On paper, Amazon Prime’s One Mic Stand is a novel concept. Conceptualized and created by comedian Sapan Verma, One Mic Stand’s premise is simple – five celebrities from different walks of life train with a popular stand-up comedian and then deliver a ‘one-night only’ stand-up set. Verma serves as the common denominator, host and narrator.
The headliners for the Amazon Prime show include Bhuvan Bam, Taapsee Pannu, Richa Chadha, Vishal Dadlani and India’s favourite English teacher and politician, Shashi Tharoor. The line-up is designed to catch your attention and your recommendation algorithm. Three out of five of those celebrities are Bollywood names. That said, it must be noted that of the five, it was Shashi Tharoor’s promotional clip that went viral.
The episodes have a set format – the context of the “star” is set, jump to mentor’s gig in front of the live audience, training montage, Sapan Verma’s short set, and then onto the main star. The first episode opens strong with Zakir Khan delivering as per usual and mentoring Bhuvan Bam, the guest star closest to the comedy art form. Bam delivers a decent first-time performance. He keeps it honest and plays to his strengths. It works.
Bollywood actor Taapsee Pannu is a pleasant surprise too. She partners with East India Comedy’s Angad Singh Ranyal. Pannu is confident on stage, has the right amount of comedic timing, and works the crowd as much as she can. The content, focused on the ‘Bollywood life’, seems earnest enough, but isn’t path breaking. But then, it’s a ‘One-mic Stand’, so it’s okay.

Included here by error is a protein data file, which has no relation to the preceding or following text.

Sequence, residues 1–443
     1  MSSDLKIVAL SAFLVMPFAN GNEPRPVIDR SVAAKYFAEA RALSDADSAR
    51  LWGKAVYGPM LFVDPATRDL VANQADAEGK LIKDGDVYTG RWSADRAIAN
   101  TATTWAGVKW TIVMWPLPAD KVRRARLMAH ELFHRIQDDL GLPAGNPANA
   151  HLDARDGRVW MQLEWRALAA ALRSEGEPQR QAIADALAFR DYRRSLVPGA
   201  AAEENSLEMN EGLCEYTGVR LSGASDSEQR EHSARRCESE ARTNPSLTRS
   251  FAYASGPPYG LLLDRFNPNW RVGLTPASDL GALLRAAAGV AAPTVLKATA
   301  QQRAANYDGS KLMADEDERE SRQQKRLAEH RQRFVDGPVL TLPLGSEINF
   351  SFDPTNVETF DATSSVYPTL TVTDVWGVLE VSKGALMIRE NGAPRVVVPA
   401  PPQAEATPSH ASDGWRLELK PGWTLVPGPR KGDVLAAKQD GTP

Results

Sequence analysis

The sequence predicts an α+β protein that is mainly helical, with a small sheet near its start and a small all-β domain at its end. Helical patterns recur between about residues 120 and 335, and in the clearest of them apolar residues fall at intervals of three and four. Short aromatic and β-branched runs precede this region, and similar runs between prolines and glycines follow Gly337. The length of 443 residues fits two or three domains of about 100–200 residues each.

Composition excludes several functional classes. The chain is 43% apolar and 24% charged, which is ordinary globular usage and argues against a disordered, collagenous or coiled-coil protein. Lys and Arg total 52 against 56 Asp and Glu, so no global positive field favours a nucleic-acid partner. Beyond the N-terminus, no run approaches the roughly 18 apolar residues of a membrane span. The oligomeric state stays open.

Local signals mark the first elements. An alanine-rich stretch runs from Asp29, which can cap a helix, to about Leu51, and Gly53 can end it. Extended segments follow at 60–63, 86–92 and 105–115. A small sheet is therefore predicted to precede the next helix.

What doesn’t work, are episodes 3 and 4 which feature actor Richa Chadha and Vishal Dadlani. It was hard for me to decide which one of the two is more cringeworthy – but I think Dadlani takes the prize on this one. Vishal’s set bombs spectacularly, isn’t funny, and what makes it worse is that he goes in with the intention of delivering “an honest message on mental health”. Last time I encountered something that fabricated was when I tried the McDonald’s “Shake” in the United States which is made with synthetic milk. What doesn’t help these episodes is that their mentors Rohan Joshi and Ashish Shakya also deliver sets that can be called average at best.
What doesn’t work, are episodes 3 and 4 which feature actor Richa Chadha and Vishal Dadlani. It was hard for me to decide which one of the two is more cringeworthy – but I think Dadlani takes the prize on this one.
The final episode featuring Shashi Tharoor deserves the popularity the preview clip got. Tharoor, a fantastic orator, owns the stage, the material and the delivery. The coup here was to partner him with another politically-inclined comedian Kunal Kamra – and it works. It helps the series end on a high. I won’t get into the details of the set, but I will tell you that it’s witty, timed well, sharp and worth your time.
So is One Mic Stand worth your time? Watch the first two and the final episode and you would have covered the best of what it has to offer. The concept is novel, it is most certainly an exercise in vanity, but more often than not it does delivers on the laughs. The training montages, however, are totally worth skipping. The ‘exotic’ locales, from Five-star hotels to popular Delhi pubs, where our comedians and stars meet, are all polished in post to give a LA-esque feel to the proceedings. They look and feel staged, offering no insight into the stand-up art form, the process, or the people. Those segments rarely possess any entertainment or informative value – unlike the ones you’ve seen in other Amazon Prime shows like Comicstaan.